Research Guides: Introduction to Library Research

Finding Resources: Databases
Databases: Highly organized collections of content, such as journal, magazine, or newspaper articles; ebooks; audio/video/image files; conference proceedings; technical reports; patents; or dissertations.
To begin your research, try out these databases:

Academic Search Complete: For multidisciplinary, full-text searching of scholarly, peer-reviewed materials
  • Has 6,100+ full-text periodicals, including 5,100+ peer-reviewed journals, and offers indexing and abstracts for 10,100+ journals and a total of 10,600+ publications including monographs, reports, conference proceedings, etc. 
  • Need more assistance?  Follow this help tutorial
​CQ Researcher: For topic generation, background information research, and topic-specific vocabulary development
  • Explores a single "hot" issue in the news each week. Topics range from social and teen issues to environment, health, education and science and technology. There are 44 reports, each around 12,000 words, produced each year. The reports include a pro-con feature, a chronology, bibliographies and a list of contacts.
  • Need more assistance? Follow this help tutorial
LexisNexis: Access to national newspapers, including The New York Times, business and financial information, and legal materials
  • News resources: Full text of more than 350 newspapers from the U.S. and around the world, many same day of publication, including non-English news sources. Other news content includes: magazines and newsletters, broadcast transcripts, wire services (the Associated Press, Business Wire and PR Newswire), and college/university papers.
  • Business resources: Business and financial news, U.S. and international company financial information from government or private sources, market research, industry reports, and actual SEC filings. Search features permit comparison of companies based on criteria such as sales, income and number of employees. 
  • Legal resources: Primary source material such as case law, statutes and regulations or secondary source materials such as legal news or law reviews for background or analysis of a legal topic. Validation for case law research is supported with Shepard’s Citations for the Supreme Court.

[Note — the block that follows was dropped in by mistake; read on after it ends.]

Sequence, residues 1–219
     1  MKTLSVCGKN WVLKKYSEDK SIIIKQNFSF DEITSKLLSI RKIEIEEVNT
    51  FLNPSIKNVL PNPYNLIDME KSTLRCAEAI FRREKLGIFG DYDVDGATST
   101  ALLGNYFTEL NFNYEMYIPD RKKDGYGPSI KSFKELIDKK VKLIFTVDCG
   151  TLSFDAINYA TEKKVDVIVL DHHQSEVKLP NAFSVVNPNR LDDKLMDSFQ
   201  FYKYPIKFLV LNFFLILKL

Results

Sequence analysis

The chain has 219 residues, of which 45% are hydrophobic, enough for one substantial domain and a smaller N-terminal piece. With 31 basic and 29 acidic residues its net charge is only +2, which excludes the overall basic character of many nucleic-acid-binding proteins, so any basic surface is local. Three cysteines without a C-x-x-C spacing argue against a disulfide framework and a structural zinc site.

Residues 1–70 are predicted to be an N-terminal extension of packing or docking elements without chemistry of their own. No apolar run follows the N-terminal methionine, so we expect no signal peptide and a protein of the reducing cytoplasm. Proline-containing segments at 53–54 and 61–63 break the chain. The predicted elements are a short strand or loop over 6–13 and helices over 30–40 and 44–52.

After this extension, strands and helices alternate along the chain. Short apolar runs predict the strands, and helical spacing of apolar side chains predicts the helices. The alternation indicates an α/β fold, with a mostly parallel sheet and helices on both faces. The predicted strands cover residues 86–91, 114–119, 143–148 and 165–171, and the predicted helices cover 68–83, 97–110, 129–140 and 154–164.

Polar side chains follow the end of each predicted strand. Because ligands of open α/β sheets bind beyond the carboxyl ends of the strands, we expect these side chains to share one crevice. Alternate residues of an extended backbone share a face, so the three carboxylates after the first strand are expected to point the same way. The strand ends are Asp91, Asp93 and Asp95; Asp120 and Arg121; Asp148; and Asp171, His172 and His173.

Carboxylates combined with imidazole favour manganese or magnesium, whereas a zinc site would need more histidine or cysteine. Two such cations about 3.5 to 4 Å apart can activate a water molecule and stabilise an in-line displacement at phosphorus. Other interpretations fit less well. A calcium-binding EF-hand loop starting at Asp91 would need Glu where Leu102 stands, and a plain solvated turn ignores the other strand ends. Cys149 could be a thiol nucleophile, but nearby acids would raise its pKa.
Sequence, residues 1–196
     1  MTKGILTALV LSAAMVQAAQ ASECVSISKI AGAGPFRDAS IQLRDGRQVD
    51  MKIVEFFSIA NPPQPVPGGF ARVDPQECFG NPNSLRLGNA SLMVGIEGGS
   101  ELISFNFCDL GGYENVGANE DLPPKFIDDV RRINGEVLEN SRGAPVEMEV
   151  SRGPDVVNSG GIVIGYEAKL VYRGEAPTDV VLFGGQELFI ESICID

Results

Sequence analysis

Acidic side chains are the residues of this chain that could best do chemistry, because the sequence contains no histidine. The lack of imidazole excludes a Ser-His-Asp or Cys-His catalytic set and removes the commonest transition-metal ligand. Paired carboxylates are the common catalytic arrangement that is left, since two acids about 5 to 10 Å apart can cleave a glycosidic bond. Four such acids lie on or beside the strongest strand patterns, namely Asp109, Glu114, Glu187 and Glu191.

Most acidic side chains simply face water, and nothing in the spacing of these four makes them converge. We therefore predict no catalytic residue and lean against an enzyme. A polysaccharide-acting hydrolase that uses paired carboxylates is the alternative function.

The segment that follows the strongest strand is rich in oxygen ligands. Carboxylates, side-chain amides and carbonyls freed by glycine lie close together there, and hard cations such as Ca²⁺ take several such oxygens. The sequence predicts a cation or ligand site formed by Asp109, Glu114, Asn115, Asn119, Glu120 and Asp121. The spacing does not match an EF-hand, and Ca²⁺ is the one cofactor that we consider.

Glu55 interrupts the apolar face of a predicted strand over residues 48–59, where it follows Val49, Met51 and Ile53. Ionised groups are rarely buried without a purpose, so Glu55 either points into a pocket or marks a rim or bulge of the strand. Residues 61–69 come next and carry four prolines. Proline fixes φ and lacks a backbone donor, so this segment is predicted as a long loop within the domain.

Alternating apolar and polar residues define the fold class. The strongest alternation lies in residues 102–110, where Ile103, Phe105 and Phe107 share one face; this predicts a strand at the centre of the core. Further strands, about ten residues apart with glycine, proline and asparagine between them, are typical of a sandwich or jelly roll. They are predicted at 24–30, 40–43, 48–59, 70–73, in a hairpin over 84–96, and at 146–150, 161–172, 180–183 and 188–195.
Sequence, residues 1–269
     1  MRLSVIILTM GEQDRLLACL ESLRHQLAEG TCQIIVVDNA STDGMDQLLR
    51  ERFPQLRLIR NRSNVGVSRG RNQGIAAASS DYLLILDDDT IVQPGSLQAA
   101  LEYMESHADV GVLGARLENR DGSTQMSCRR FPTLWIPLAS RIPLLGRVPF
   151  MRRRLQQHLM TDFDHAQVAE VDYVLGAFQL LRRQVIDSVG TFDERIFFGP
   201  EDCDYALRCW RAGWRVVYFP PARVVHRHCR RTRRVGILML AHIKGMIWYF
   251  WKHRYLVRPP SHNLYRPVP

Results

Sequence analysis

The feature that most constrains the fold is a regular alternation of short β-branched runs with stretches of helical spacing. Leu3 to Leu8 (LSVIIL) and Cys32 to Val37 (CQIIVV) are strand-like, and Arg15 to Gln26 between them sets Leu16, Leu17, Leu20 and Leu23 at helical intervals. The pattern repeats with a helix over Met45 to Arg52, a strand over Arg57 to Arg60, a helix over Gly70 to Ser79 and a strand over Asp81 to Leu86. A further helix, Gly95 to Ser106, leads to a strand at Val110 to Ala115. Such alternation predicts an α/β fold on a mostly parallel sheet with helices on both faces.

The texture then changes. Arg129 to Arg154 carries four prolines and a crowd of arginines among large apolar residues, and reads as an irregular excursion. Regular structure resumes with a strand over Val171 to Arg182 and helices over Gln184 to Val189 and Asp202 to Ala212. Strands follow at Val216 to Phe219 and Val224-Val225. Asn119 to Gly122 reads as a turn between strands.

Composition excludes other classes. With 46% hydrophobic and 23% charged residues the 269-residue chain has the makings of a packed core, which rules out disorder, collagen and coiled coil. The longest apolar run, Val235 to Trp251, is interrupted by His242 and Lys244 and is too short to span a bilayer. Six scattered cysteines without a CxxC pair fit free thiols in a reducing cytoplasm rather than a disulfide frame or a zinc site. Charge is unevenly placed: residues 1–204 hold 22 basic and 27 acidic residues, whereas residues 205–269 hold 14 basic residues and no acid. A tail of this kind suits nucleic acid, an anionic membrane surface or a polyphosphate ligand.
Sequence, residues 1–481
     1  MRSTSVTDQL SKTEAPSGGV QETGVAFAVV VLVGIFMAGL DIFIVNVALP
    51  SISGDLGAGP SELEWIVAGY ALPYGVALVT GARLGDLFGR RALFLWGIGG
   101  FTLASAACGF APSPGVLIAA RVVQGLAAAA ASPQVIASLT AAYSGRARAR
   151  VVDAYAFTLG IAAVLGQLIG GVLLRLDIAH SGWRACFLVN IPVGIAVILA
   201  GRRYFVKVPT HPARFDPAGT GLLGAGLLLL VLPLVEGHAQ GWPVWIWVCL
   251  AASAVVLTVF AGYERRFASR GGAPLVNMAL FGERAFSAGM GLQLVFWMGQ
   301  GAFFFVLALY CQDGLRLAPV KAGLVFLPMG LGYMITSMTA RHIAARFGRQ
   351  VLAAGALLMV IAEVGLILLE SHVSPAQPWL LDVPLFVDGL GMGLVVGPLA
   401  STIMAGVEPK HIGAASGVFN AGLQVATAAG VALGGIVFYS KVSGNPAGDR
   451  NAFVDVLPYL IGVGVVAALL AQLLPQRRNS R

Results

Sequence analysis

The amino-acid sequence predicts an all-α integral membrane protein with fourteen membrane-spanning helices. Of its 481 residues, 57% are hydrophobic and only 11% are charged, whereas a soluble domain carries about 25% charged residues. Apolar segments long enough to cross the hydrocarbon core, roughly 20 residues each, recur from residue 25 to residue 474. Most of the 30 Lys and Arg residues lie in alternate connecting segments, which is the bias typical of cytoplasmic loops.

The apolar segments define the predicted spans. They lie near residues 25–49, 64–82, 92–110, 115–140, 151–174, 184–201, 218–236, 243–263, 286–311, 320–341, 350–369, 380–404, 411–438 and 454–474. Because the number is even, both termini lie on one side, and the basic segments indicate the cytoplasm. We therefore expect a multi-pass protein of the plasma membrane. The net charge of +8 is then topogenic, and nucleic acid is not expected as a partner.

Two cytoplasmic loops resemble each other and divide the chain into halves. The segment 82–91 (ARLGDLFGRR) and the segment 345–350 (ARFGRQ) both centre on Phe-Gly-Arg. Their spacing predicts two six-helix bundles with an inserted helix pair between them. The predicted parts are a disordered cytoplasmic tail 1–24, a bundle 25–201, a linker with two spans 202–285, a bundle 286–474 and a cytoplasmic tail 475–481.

Access World NewsFor accessing local, state, national, and international newspapers.
  • Newspaper articles are written by journalists and primarily aim to inform the public about current news and events. They are typically short in length and ‘currency’ is very important. Articles in newspapers include news reports, opinions and reviews, and local interest stories.
  • Includes access to The Advocate (1/1/1986 - Current), and The Times-Picayune (1/1/1989 - Current).
  • Need more assistance? Follow this help tutorial
Web of Knowledge: Access the world's leading scholarly literature in the sciences, social sciences, arts, and humanities.
  • Includes journal citation reports to critically evaluate leading journals in a variety of disciplines
Finding Resources: Catalog
Library Catalog: Use the catalog to find what LSU Libraries owns or has access to, including books, ebooks, journals, archival materials, music, and DVDs.

Need more assistance? Follow these tutorials:
Types of Resources
Types of Resources: Depending on your research, you will need different types of resources.  Learn more about some of the different types of sources:
Search Tools and Tips: Boolean
Boolean Searching: A technique which allows search terms to be connected by using AND, OR, NOT in most library catalogues and databases. 
If you were looking for information on New Zealand’s nuclear free policy the Boolean operators AND, OR and NOT would have the followings effects:
AND – the results of your search will include both terms
           “New Zealand” AND “nuclear free”

OR – the results of your search will contain at least one of the terms
        “nuclear free” OR “anti-nuclear"
Tip: Using 'OR' will increase the number of possible results but they may not all be relevant.
NOT – the results of your search will exclude a term after NOT
        “nuclear power” NOT “nuclear weapon”
Group terms together in brackets ( ) when using combinations of ANDORNOT.

        e.g. “New Zealand” AND (“nuclear free” OR “anti-nuclear”) NOT “nuclear weapon”.

This will find information relating to New Zealand and the idea of nuclear free or anti-nuclear. It will not include any information relating to nuclear weapons.

Need more assistance?  Follow this help tutorial
Understanding and Evaluating Information
Once you find information, you need to evaluate it to determine its value to your research:
Citing Your Sources
To avoid plagiarism, citations are necessary to attribute and document your sources.

Need more assistance?  Check out these guides:
  • Avoiding Plagiarism
  • Style Guide: This guide lists brief descriptions of major citation styles, call numbers for LSU Libraries copies and links to full-text versions, online catalog records, as well as other websites that provide how-to-cite guidelines. 
  • Citation Management Software: This guide defines of the term citation management software.  It briefly describes essential features of Endnote, Reference Manager 12, Mendeley, and Zotero.  Youtube overviews, how-to-use videos and links for downloading the software are included.
Trouble Accessing Resources
I can't access library databases:
  • Are you off campus?  If yes, make sure you’re logged on to your MyLSU account
  • Are you on campus?  If yes, contact us
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Finding Your Librarian
Each field of study at LSU has a dedicated librarian. Contact your subject librarian if you have any questions about finding and using resources or doing research. 

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